On April 13, NCDOT presented a modified plan of the N. Highland Lake Road project (U-5887) to the Flat Rock village council at a special council meeting, held in the new parish hall at St John in the Wilderness.
We’re looking at how that modified plan will affect the road, and here we take a look at the large curve on the edge of The Park at Flat Rock, near Highland Lake Drive and Highland Park Road.
Much of this part of the modified plan follows the original October 2017 plan, with extensive inroads into the park, expanding the roadway significantly in order to dampen the curve, eliminating all trees in that area, and adding left-turn lanes, possibly with concrete islands.
We have been told that this curve is dangerous and needs to be changed for safety reasons. This is not correct. From 2011 to 2016, traffic accident data shows that only three accidents out of 91 total occurred in this area.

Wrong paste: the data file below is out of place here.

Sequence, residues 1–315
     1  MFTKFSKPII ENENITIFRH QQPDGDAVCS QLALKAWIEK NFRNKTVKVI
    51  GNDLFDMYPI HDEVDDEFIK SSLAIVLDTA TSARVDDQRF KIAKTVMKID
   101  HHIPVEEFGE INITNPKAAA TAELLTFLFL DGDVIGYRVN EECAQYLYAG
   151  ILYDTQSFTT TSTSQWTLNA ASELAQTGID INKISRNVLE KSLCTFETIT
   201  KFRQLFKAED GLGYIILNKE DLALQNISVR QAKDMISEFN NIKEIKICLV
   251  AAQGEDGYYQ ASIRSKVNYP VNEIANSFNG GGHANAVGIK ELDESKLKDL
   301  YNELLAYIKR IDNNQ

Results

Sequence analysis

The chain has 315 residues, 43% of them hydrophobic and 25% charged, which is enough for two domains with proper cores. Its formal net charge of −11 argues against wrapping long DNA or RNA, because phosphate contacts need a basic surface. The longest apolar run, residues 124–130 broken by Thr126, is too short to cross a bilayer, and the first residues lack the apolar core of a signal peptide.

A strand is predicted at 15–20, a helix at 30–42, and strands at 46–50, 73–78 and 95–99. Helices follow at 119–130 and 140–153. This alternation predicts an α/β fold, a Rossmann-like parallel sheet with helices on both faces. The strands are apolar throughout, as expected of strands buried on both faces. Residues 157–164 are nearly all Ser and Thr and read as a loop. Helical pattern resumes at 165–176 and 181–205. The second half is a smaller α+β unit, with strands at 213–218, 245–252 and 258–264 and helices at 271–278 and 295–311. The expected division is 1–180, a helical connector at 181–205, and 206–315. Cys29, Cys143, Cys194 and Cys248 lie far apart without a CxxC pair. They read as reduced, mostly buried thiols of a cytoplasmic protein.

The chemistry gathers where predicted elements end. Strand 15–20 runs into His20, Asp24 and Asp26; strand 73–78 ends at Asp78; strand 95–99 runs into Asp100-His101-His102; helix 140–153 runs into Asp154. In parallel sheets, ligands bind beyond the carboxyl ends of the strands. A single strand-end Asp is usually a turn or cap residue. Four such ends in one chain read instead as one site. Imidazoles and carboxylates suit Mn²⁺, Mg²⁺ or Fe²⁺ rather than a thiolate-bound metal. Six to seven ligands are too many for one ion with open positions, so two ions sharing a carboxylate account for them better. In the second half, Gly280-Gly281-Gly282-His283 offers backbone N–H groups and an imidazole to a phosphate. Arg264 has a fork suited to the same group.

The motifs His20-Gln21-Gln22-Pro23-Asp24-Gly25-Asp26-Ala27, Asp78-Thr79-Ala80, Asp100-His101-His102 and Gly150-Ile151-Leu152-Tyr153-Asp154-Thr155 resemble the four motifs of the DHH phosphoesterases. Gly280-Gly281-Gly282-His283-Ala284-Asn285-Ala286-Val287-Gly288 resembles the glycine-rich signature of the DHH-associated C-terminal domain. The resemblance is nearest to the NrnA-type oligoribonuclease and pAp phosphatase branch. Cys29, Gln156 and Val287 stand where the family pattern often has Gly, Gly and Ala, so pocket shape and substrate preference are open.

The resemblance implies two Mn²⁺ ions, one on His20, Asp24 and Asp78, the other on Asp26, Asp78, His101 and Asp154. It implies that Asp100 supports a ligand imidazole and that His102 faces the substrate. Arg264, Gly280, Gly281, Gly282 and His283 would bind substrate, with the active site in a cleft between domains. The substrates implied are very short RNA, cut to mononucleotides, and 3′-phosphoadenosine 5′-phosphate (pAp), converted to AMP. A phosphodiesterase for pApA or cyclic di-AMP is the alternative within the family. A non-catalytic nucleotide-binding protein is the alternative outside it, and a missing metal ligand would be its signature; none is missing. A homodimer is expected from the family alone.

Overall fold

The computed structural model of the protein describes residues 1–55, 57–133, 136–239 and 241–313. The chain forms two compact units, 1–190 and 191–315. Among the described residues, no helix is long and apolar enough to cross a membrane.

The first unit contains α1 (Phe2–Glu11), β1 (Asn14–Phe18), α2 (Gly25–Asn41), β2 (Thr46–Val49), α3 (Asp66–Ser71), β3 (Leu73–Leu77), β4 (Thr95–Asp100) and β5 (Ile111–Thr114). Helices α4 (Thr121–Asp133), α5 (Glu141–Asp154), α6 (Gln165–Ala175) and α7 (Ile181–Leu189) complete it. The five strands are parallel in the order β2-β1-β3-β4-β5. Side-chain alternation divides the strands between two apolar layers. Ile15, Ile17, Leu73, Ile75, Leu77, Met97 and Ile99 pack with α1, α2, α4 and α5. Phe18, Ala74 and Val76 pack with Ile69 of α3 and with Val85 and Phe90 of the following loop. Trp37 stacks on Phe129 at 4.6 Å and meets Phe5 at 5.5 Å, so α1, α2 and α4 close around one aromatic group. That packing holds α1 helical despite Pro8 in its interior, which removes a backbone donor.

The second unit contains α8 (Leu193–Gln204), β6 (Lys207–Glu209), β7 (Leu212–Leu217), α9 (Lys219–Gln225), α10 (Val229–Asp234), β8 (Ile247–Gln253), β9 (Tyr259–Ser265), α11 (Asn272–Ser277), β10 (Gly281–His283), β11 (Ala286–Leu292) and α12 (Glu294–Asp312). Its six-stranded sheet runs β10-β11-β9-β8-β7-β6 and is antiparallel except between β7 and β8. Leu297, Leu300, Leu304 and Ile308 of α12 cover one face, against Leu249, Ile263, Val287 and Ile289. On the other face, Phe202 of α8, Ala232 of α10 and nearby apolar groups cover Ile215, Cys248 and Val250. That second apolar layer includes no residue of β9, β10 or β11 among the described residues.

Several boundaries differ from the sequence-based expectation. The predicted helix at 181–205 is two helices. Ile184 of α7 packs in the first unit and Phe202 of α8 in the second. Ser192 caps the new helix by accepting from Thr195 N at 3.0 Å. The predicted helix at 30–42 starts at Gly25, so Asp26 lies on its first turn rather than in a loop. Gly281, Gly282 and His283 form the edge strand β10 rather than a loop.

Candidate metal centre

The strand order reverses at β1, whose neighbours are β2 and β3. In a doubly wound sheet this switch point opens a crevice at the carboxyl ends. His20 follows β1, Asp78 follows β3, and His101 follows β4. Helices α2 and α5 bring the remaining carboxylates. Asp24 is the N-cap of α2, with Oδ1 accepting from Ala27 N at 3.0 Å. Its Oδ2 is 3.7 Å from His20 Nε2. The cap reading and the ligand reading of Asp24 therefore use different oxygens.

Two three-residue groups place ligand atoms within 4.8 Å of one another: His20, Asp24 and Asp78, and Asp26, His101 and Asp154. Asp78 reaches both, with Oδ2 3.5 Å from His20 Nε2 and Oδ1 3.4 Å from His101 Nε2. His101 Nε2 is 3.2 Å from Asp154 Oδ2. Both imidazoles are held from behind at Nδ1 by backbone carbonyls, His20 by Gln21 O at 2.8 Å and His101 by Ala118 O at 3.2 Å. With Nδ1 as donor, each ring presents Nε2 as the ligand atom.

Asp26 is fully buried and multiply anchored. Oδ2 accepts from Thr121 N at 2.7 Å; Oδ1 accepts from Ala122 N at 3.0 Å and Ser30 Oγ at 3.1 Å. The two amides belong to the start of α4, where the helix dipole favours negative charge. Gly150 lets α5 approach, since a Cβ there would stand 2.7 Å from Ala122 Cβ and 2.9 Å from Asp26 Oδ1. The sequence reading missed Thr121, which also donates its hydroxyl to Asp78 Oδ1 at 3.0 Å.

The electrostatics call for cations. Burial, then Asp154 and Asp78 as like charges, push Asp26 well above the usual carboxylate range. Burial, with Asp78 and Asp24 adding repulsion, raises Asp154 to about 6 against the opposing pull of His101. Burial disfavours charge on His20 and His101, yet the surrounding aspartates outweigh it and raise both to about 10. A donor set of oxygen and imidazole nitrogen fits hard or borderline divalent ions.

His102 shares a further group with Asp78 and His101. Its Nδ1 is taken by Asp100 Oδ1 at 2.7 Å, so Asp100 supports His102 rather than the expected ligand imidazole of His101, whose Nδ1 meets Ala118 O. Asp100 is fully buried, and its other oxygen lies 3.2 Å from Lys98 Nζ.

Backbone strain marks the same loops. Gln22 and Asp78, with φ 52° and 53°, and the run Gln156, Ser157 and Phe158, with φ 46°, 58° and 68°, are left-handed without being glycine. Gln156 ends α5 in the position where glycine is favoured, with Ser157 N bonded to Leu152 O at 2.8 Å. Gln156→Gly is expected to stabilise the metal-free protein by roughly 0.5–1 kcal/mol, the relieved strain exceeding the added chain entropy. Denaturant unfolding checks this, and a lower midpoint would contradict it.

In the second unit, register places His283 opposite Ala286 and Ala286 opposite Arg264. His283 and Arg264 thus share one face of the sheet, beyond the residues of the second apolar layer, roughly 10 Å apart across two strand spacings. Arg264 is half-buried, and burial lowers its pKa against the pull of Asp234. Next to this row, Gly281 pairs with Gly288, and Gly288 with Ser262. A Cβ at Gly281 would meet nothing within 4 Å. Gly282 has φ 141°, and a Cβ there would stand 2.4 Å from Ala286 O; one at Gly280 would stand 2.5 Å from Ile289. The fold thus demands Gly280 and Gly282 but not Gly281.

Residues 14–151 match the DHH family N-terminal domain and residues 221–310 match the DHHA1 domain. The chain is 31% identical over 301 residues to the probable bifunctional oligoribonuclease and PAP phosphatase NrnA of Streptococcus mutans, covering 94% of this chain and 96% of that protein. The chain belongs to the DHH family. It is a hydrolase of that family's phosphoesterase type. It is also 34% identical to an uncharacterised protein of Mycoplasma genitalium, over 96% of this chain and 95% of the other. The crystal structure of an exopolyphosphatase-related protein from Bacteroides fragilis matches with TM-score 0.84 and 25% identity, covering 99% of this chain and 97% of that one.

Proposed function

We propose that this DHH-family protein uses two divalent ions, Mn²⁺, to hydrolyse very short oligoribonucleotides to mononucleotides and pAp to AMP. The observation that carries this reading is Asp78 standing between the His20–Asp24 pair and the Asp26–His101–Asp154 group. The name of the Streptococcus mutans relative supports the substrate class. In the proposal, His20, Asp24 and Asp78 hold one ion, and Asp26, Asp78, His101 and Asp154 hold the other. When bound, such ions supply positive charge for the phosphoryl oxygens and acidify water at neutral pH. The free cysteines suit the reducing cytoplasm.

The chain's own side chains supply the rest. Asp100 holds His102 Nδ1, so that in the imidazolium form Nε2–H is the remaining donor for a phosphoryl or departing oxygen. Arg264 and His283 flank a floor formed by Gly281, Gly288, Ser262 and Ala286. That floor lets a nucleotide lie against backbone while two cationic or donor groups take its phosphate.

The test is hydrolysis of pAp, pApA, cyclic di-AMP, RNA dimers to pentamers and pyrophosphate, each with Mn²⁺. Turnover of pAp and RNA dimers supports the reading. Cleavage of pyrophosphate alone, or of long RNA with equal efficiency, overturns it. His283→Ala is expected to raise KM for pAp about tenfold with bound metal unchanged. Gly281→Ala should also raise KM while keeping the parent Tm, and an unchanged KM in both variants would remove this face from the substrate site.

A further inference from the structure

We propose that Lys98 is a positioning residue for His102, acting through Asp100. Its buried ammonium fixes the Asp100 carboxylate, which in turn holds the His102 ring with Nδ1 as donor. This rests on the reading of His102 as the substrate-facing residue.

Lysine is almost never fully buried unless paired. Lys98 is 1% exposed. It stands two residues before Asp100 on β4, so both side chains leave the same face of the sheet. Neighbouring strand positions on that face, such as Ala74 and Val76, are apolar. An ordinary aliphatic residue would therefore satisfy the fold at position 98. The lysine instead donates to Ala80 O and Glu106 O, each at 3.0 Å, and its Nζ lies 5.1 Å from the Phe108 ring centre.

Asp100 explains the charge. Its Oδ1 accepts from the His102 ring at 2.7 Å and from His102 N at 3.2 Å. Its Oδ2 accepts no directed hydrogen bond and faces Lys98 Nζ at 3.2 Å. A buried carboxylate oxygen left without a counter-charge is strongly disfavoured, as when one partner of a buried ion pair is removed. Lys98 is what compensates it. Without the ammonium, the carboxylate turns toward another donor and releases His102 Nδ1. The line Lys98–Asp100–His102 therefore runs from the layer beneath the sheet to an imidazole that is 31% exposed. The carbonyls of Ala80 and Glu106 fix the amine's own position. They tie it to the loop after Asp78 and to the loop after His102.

Of those 91 incidents reported on N. Highland Lake Road, 45 occurred at or near the intersection of Spartanburg Highway and N. Highland Lake Road, a section of the road that NCDOT has already widened and straightened, and where NCDOT has already added left-turn lanes.
An additional 24 incidents occurred east of the railroad tracks and a total of 11 incidents happened at the intersection of N. Highland Lake Road and Greenville Highway. That leaves 11 incidents over five years on the rest of N. Highland Lake Road.
There are no recorded traffic incidents from 2011 to 2016 of a left-turn accident on N. Highland Lake Road outside of the intersections with Greenville and Spartanburg Highways and the area around Ingles and the CVS Pharmacy.
According to traffic studies, it may well be that the current width of the lanes (11 feet each), the visual border of trees, the railroad tracks, the curves in the road, and the lack of left-turn lanes work to keep the traffic slower and safer than would a wider road with dampened curves, left-turn lanes, no trees–and faster cars.